Under European copyright law a well constructed exception allows people to create and make use of photographs of public places with very little restriction. The ‘Freedom of Panorama’ provision allows organizations, such as Wikipedia, to use imagery of European public spaces for free yet still protects the artists’ ownership rights over the images.
Yet the European Parliament, at the behest of big copyright holders, is looking to revoke Freedom of Panorama, prompting the world’s largest encyclopedia to take action.
If the law is scrapped Wikimedia, the images and videos division of Wikipedia, estimates that “tens of thousands” of images displayed in articles about such topics as architecture, art and notable European public spaces will need to be taken down.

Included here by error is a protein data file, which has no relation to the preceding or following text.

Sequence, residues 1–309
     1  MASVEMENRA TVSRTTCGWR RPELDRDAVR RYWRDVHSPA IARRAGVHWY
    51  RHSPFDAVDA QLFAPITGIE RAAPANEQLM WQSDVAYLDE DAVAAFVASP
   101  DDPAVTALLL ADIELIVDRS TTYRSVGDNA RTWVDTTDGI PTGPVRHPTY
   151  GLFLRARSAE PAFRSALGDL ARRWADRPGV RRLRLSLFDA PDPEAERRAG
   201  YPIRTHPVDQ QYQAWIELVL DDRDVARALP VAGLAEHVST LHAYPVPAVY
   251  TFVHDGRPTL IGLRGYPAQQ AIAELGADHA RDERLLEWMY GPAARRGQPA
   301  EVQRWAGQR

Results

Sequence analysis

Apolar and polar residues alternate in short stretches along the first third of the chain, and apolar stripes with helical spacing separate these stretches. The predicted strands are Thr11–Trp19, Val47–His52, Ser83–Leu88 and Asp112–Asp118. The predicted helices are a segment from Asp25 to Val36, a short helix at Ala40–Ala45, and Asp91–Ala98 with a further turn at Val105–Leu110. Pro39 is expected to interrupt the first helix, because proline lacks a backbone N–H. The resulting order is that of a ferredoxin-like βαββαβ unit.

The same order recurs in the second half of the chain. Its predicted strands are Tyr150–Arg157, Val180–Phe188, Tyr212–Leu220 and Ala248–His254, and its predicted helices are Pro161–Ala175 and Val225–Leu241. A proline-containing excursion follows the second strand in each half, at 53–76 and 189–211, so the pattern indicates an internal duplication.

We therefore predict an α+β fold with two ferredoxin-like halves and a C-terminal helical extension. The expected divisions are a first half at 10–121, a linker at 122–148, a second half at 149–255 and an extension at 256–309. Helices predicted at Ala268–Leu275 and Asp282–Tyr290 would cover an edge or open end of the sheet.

The repressive legislation would be a blow not just for Wikipedia, who would be required to do substantial work to become compliant, but also for users of the service who would lose access to much of the public history of Europe, as told through images.
The not for profit group is calling on European citizens to contact their respective members of Parliament and ask them to vote against the proposed measures before they make it into law.